In a 1985 interview with DeeDee Halleck conducted at the Chelsea Hotel, filmmaker Shirley Clarke stated that she made films about African-Americans as a way of working through her own ambivalence about being a woman in a male-dominated culture: “I identified with black people because I couldn’t deal with the woman question and I transposed it. I could understand very easily the black problems, and I somehow equated them to how I felt….I always felt alone, and on the outside of the culture that I was in.” One can detect a similar tendency in the work of Ida Lupino, whose independently produced dramas of the 1940s and ‘50s tackled hot-button issues such as rape, bigamy, and unwanted pregnancy. These films are no mere homilies on contemporary social problems, but complex and deeply personal explorations of what it means to be an independent woman in a world ruled by men.

Lupino’s pioneering work is suffused with a profound sense of alienation and self-doubt. Her films are about people whose conventional middle-class existence is suddenly, sometimes violently, upturned, causing them to feel completely unmoored. No longer sure of where they’re going in life or what they truly want, these people find respite away from their old life, in an unfamiliar place with a new potential lover. And Lupino tells these stories with an empathy that’s striking for its directness and lack of condescension.

Such is the case with the first film Lupino directed completely on her own, Never Fear, an emotionally complex drama about a young dancer, Carol (Sally Forrest), who seems to have it all, as she’s just gotten engaged to her partner, Guy (Keefe Brasselle), and their careers are on the verge of taking off. But then, all of sudden she’s stricken with polio, and everything changes. Carol, depressed and bitter, enters a rehab facility where she eventually makes strides toward walking again, thanks in part to the inspiration of a hunky fellow patient named Len (Hugh O’Brian). As Carol struggles with her own will to get better, she grows increasingly distant from Guy, urging him to keep pursuing his dancing career rather than settling down into a conventional job selling pre-fab “Happy Homes” as he waits around for her to recover.

Advertisement


Free of the noir-ish inflections Lupino brought to her other films—most notably The Hitch-Hiker, and the rape sequence in OutrageNever Fear is directed in a simple, straightforward style that bears comparison to the stripped-down neorealism of Roberto Rossellini. Lupino is captivated by the process of physical rehabilitation, offering detailed observations of Carol’s stretching routine, swim therapy, art classes, and, in one show-stopping sequence, a square dance featuring lines of wheelchair-bound patients twirling each other around in consummately choreographed synchrony. Carol is clumsy and awkward as she struggles to operate her wheelchair, a marked contrast to the film’s opening scenes, in which Carol and Guy move together with lithe sophistication as they perform a romantic swashbuckling tango.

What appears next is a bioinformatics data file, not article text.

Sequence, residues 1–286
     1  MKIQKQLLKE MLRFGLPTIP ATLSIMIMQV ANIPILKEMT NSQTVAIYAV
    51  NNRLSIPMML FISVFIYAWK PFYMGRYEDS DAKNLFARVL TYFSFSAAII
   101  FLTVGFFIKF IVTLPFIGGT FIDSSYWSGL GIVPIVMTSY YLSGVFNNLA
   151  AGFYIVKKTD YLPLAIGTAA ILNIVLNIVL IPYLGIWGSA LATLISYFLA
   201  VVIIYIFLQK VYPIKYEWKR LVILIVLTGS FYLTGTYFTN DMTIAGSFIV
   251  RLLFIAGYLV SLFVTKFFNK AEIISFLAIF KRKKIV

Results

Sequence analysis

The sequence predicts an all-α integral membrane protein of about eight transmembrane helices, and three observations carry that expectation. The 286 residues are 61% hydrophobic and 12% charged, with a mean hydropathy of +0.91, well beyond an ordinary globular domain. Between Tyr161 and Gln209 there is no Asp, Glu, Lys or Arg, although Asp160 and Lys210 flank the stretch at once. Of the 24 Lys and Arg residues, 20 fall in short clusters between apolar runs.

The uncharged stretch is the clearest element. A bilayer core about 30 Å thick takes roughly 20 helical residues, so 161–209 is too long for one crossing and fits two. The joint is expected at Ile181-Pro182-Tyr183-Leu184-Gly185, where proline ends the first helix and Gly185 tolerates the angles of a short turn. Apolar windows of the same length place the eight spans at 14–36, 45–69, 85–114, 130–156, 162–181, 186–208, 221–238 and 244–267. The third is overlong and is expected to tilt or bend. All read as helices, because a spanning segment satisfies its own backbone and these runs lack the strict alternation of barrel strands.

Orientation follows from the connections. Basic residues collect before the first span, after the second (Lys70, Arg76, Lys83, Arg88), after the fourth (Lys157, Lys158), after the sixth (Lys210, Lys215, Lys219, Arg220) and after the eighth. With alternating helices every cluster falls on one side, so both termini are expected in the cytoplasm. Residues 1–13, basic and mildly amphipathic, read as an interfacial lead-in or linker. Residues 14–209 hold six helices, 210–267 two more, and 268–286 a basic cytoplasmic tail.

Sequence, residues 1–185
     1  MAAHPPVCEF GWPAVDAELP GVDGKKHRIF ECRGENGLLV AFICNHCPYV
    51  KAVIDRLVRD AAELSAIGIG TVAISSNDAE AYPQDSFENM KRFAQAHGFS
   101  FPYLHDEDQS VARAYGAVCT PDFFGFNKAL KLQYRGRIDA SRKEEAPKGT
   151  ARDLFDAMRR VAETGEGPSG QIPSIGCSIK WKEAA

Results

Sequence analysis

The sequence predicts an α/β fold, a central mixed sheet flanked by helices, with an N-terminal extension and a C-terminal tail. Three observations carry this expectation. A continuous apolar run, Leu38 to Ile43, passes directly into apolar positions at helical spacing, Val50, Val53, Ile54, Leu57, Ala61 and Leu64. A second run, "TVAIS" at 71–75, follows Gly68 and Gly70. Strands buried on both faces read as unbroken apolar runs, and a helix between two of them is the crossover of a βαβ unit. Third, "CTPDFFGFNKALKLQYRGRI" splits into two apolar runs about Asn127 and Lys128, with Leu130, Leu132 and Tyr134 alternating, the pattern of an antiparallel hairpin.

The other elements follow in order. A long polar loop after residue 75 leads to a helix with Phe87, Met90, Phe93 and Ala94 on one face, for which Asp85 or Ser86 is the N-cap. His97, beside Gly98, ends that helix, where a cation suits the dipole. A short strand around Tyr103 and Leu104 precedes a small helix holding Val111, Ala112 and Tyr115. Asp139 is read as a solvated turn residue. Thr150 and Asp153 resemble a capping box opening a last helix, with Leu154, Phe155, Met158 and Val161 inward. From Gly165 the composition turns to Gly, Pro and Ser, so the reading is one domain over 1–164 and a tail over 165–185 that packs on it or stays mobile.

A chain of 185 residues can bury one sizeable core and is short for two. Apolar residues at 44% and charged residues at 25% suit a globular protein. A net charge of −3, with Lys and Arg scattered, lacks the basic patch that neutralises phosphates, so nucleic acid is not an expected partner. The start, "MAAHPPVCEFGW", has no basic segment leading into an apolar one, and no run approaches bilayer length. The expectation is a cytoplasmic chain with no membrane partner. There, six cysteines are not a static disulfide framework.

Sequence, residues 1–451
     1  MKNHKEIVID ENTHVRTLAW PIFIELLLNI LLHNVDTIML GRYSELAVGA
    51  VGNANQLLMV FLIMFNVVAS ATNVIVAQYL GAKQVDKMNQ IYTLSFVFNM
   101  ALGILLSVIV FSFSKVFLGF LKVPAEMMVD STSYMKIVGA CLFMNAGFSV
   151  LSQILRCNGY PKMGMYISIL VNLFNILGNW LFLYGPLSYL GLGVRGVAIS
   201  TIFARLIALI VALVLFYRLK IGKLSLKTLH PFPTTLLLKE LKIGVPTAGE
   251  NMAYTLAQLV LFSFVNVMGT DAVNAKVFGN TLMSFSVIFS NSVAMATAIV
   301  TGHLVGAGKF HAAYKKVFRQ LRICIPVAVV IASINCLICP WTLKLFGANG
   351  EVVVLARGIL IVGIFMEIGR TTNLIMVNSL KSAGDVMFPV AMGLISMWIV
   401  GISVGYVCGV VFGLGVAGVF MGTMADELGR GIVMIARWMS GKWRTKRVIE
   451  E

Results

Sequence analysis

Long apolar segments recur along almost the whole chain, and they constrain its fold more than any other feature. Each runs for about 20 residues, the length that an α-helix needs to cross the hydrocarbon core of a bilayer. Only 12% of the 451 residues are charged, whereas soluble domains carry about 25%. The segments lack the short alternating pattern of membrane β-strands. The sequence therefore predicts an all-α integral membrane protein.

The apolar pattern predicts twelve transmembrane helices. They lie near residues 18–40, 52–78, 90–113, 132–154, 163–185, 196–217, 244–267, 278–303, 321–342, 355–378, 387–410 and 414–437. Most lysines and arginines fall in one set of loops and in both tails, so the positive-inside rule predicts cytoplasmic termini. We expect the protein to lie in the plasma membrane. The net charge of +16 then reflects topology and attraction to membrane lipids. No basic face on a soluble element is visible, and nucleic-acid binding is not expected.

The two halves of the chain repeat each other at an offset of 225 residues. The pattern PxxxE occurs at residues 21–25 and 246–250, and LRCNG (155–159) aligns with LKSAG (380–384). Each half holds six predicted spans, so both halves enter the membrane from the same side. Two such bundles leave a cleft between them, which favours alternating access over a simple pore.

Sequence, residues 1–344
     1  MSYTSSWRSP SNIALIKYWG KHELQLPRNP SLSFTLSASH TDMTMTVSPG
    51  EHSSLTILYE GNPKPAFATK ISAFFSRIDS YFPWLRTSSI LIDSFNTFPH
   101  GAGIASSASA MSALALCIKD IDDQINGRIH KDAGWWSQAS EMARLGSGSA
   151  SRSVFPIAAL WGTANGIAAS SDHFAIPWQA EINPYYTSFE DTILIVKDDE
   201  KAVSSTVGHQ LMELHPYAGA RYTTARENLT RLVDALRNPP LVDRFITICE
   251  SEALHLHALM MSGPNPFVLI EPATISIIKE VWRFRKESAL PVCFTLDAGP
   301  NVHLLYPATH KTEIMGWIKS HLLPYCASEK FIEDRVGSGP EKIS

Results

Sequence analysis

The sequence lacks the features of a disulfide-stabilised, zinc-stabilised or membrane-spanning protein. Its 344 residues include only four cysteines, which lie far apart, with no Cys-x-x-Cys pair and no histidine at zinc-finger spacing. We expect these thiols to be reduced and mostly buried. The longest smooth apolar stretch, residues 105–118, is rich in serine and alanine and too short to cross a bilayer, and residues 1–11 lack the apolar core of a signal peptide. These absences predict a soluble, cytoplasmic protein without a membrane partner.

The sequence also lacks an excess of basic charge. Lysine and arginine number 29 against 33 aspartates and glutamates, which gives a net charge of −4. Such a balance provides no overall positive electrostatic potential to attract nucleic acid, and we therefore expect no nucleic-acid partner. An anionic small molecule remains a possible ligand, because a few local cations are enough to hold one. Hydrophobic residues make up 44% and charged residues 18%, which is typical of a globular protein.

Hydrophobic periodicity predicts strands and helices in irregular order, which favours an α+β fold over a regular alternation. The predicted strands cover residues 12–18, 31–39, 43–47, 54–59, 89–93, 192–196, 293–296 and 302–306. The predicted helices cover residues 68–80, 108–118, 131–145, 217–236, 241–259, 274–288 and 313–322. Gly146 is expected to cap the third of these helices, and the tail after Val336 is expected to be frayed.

Never Fear’s subject matter was personal for Lupino, who survived polio after an attack in 1934. But the filmmaker isn’t merely interested in the physical ailment itself, but also in the complicated pressure that recovery places on Carol. There’s a tension in the film, which was released at the height of the U.S. polio outbreak, between what Carol wants and what the men in her life want for her. When Carol begins to reject her own treatment, it’s in part because she’s rebelling against the expectations that her doctor, her fellow patients, and especially Guy have placed on her. “Be a woman for me,” Guy asks of her, but the demand is counter-productive, as Carol can only truly recuperate when she decides to do it for herself.

In Carol’s dilemma, one can sense Lupino wrestling with her own artistic ambitions, coming to grips with the reality that as the only woman director working within the Hollywood studio system in the ‘50s, she too would have to accept the guidance of the men around her, and in so doing she would be forced to bear the weight of their expectations for her—their demands, hopes, dreams, and pity. Unfortunately, Never Fear closes with a cop-out, a last-minute reconciliation that cheapens Carol’s hard-fought struggle to learn to live on her own terms by suggesting she’s fundamentally lost without a man. Almost as if the film is embarrassed by its own denouement, the final screen assures us, “This is not THE END. It is just the beginning for all those of faith and courage.” If the film ultimately seems to question Carol’s courage, there’s at least no doubt about Lupino’s own. Never Fear wasn’t the end for her either, but merely the start of one of the most unique and pathbreaking directorial careers in Hollywood history.

Cast: Sally Forrest, Keefe Brasselle, Hugh O’Brian, Eve Miller, Lawrence Dobkin, Rita Lupino, Herbert Butterfield, Kevin O’Morrison, Stanley Waxman, Jerry Hausner, John Franco Director: Ida Lupino Screenwriter: Ida Lupino, Collier Young Running Time: 82 min Rating: NR Year: 1950

Continue Reading

Blog

WATCH: Stylish Queer Short Film Stay Makes Its Online Premiere

Brandon Zuck’s sexy and stylish gay thriller Stay debuts for free online.

Published

on

Stay
Brandon Zuck

Writer-director Brandon Zuck’s sexy and stylish gay thriller Stay made its premiere on the film festival circuit back in 2013, but the L.A.-based filmmaker is finally debuting it for free online. The short film, which Zuck claims is loosely based on events from his past, follows Ash (Brandon Harris) and his ex-boyfriend, Jacks (Julian Brand), on a road trip to the Florida Keys where the pair get mixed up in a fatal drug deal.